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War Surgery and Medicine



Again, the nature of the ground precluded the use of trench latrines, and a bucket system had to be used for urine and faeces, the buckets being emptied and then oiled twice a day by a native contractor. The solid matter was burnt in incinerators a mile and a half from the camp and the liquid was dumped some two miles farther away. Any solid matter not burnt was buried in conservancy pits approximately six feet square and eight or nine feet deep. The method of sealing the pits was to make a mortar of sand and used sump oil, and after covering the rubbish with at least three feet of soil, spreading the mortar over the surface to a depth of at least three inches, then heaping a mound of sand on top. This treatment was necessary to prevent fly breeding.

Incidentally, it was fortunate that the construction and settling-in at Maadi Camp took place during the winter months, as about two thousand natives were employed in the area, and prior to the arrival of the First Echelon had been defaecating indiscriminately, with the page 713 result that the whole camp area was fouled. Four hygiene men were employed for two months in directing a gang of about a hundred natives to clear away the excreta, as well as cleaning rubbish out of extensive quarries in or near the camp. In summer, when flies were more prolific, this would have been a health menace of the first magnitude. As it was, the First Echelon was able to get acclimatised at the most favourable season, and by the time of the arrival in Egypt of Second and Third Echelon troops, camp amenities had been improved and conditions controlled.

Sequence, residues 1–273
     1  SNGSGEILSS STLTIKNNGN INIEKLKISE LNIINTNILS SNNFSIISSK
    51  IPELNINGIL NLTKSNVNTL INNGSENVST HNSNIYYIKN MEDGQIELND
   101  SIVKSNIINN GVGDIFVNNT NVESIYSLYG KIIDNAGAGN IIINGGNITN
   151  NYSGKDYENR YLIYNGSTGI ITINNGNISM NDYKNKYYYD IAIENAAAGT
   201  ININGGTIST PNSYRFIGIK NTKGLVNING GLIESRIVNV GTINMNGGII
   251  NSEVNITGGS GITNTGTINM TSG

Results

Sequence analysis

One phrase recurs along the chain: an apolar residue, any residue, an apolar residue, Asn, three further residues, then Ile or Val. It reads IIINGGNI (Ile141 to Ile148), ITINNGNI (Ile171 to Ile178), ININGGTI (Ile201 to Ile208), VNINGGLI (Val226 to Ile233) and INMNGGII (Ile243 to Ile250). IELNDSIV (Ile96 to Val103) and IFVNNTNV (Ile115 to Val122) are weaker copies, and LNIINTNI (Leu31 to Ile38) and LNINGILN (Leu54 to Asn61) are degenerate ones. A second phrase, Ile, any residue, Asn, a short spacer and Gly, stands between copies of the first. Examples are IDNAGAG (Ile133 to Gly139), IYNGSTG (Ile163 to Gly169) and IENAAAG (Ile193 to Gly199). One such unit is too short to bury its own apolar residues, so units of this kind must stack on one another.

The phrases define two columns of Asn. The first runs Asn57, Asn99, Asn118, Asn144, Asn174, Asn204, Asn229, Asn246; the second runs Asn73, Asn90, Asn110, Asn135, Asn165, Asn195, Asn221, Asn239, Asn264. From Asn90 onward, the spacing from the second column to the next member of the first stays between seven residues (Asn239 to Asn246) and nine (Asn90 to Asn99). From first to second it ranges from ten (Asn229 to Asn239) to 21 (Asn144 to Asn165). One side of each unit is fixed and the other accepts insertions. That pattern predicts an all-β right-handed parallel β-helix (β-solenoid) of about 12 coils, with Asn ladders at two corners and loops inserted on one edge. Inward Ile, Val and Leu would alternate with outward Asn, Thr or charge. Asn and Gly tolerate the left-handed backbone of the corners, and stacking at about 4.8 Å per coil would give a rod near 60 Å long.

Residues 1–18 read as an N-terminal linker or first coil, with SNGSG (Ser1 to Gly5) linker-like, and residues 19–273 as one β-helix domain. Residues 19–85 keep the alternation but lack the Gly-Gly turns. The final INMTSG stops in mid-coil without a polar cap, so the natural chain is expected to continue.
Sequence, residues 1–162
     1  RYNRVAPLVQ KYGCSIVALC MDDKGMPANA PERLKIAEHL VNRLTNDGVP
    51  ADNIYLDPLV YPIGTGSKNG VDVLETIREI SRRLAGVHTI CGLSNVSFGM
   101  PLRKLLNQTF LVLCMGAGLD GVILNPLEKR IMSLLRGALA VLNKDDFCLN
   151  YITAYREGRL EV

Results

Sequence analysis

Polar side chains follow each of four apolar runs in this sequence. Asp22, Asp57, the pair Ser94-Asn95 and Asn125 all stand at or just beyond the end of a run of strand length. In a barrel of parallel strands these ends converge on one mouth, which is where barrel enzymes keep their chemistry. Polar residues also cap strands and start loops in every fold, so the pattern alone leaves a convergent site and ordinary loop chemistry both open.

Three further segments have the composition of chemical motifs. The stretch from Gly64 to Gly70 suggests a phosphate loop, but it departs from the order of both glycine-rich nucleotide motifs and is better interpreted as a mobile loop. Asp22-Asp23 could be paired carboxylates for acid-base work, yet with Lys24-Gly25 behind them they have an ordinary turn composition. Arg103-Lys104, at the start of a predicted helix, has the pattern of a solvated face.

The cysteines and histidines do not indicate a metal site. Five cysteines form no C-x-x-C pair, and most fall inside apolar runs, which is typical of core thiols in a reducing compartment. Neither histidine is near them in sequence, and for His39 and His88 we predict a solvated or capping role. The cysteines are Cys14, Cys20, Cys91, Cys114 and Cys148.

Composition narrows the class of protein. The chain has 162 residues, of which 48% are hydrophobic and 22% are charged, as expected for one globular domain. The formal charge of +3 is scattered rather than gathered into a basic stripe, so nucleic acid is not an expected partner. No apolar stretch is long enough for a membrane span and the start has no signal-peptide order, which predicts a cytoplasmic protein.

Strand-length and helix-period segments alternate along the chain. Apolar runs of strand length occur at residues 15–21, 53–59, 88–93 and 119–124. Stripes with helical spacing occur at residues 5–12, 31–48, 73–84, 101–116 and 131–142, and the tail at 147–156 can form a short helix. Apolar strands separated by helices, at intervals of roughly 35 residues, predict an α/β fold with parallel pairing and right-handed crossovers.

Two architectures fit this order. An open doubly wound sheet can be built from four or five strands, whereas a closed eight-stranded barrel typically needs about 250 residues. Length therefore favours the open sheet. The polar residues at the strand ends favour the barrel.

The ADH BTE visited Maadi Camp in April 1940 at the time of an outbreak of diarrhoea and dysentery among the New Zealand troops. He reported that the condition of the latrines, and the disposal of rubbish and the contents of the latrine buckets was satisfactory, but pointed out that the preparation rooms, stores, and dining rooms were not flyproof, admitting at the same time that it was difficult to make them so owing to the poor construction of the huts. The protection of food from flies, especially at meal times, was never entirely satisfactory at Maadi Camp owing to the type of huts constructed, and the fact that most messrooms were located some yards across the desert from the cookhouses, where the food was served out to long queues of men. In this respect the design of buildings and the system of serving food in the main camps in New Zealand were much superior. In Maadi Camp the best safeguard of health was achieved by keeping down the fly population.